I want to suggest that practitioners must be strategic in how they employ technology and learners still need to put the brain work and metaphorical elbow grease in! 

3. Blogs and blogging - 100 words

Reflective learning fits neatly into the social constructivist theory of learning and learning journals and learning diaries have supportive literature going back decades. The blog is a new, and I would argue, improved version of this. Firstly it's much harder to lose and much easier to edit. Secondly it can (if the writer wishes) engage other students and tutors in debate and conversation. Thirdly it provides a record of a learning journey which adds to the resources for future learners. 

Practitioners who employ this reflective tool are providing scaffolding which will, all being well, result in learners becoming self-directed, independent and not teacher dependent. Learners writing a blog may find it extremely useful for organizing thoughts, having a moan, reflecting on a side tangent and planning a TMA!

4. How would I redesign blogging in H800 

I would incorporate it with the forums. Lots of people write long reflections in the forums (fora?) and I am sure they also have long reflections about less specific questions and about the tangents and active mind inevitably travels. It is a shame if these thought processes and reflections are lost to the rest of us because they don't neatly fit into a forum question. As a learner I would benefit greatly from this - and for more interaction with my own blog posts.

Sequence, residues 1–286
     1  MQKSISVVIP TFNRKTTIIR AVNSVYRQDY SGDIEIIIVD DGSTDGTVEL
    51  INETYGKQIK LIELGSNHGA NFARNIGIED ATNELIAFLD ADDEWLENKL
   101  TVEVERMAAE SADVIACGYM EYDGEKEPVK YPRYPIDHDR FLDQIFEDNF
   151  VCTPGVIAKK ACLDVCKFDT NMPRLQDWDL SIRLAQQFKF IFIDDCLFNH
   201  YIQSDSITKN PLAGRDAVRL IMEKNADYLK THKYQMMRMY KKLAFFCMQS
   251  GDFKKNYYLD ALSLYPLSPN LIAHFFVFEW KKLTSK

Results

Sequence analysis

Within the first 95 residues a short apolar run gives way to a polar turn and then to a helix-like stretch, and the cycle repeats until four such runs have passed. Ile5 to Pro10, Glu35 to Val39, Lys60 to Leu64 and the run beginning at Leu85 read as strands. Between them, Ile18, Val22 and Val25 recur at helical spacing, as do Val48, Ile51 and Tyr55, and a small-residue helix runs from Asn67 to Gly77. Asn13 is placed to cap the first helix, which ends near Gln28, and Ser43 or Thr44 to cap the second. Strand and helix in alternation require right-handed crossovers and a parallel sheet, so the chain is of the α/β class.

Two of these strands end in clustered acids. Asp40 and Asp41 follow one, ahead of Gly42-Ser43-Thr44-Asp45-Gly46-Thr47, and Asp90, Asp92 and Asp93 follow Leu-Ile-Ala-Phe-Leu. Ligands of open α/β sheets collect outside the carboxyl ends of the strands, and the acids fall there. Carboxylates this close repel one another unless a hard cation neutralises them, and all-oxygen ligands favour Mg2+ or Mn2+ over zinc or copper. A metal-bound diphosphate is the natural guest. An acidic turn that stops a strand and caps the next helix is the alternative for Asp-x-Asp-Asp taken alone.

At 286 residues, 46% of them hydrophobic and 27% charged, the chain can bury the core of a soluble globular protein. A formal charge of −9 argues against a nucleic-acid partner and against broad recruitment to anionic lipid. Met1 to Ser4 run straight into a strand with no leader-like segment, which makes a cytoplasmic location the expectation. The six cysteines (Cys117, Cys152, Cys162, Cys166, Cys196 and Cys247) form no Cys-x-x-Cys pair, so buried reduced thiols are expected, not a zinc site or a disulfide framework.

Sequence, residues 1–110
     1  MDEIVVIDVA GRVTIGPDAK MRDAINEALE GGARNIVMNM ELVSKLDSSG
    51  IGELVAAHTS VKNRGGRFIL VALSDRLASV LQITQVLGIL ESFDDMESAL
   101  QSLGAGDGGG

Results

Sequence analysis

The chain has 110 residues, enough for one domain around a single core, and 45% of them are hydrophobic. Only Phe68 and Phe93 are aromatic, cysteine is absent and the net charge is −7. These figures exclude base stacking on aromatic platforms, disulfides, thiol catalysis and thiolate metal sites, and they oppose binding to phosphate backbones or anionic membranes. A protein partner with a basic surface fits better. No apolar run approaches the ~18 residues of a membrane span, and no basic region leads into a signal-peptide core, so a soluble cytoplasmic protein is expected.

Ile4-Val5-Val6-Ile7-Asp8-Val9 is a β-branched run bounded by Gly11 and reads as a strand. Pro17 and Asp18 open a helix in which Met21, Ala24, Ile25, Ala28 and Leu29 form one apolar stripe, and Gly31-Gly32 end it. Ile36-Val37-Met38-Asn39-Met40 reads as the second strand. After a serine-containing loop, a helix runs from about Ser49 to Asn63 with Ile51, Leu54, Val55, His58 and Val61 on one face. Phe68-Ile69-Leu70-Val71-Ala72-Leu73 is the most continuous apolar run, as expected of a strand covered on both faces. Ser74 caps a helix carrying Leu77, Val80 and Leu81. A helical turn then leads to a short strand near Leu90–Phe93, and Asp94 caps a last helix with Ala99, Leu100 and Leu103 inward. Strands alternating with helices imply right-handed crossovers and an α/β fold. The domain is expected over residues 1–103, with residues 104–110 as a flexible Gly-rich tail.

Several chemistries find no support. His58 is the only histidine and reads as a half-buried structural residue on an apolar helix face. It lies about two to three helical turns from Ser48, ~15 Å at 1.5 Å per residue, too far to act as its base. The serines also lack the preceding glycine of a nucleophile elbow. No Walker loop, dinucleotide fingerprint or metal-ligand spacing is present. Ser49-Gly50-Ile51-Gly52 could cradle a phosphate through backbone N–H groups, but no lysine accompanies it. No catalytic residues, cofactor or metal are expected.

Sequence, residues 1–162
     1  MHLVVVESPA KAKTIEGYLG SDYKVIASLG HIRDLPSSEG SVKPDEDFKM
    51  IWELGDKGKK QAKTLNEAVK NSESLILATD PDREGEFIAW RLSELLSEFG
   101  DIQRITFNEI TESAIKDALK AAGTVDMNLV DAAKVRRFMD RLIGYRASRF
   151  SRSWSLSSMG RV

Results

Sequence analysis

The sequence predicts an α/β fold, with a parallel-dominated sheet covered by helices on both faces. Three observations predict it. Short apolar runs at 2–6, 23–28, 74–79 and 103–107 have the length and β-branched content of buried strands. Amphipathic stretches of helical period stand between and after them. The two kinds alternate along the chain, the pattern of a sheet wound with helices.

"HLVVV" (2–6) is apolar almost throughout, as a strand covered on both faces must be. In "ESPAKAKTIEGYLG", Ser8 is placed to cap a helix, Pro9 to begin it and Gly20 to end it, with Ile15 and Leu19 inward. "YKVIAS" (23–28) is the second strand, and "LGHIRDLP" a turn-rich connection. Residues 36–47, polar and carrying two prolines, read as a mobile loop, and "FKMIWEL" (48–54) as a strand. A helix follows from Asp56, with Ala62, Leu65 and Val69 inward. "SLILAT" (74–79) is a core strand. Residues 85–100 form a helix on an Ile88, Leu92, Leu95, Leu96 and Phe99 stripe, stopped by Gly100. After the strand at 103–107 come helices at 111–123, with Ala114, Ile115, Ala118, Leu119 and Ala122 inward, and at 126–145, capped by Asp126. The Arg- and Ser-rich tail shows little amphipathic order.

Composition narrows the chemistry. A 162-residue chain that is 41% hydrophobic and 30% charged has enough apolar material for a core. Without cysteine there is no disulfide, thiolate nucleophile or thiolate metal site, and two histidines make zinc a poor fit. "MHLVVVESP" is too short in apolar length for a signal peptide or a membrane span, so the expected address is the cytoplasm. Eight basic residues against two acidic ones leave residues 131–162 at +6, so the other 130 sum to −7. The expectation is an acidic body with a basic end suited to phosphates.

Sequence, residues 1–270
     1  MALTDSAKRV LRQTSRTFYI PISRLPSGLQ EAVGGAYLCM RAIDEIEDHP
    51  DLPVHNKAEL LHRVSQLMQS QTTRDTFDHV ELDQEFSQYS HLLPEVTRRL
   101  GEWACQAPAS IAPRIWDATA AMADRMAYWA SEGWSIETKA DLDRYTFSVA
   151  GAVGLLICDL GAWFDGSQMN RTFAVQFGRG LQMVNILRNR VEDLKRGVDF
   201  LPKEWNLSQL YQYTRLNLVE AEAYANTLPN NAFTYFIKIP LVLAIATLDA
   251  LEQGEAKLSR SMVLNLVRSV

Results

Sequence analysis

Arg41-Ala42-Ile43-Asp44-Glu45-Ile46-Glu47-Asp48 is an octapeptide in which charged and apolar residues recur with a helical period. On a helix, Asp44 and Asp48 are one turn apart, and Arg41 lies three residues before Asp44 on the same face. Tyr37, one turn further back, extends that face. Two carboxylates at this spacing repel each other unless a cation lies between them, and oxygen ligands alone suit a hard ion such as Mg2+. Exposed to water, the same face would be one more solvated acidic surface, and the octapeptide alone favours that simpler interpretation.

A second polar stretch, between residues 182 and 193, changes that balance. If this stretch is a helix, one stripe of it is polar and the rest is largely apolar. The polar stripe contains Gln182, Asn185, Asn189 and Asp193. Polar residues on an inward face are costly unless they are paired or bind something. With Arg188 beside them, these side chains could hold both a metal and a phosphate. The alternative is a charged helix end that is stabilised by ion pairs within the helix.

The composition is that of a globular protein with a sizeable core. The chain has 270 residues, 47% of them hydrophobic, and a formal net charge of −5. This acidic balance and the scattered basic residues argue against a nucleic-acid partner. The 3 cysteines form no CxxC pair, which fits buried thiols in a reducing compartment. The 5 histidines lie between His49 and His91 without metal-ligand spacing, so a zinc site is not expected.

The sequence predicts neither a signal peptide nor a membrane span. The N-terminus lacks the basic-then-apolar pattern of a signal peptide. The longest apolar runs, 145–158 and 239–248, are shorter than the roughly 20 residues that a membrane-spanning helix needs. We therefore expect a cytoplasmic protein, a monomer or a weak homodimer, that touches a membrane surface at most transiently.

Making reflection a mandatory activity is fraught with difficulty! I'm going to have to think about it!

5. Which aspects of ‘learner experience’ do you think should be investigated – either on H800 or in your own context – and which methods would you use to do so?

I haven't got here yet! I guess I ought to look to my own context as a professional rather than as a learner given that my last activity was learner based. Maybe I could assess how much doing endless practice MCQ questions benefits a learner over more visual, interactive or 'deep learning' methods.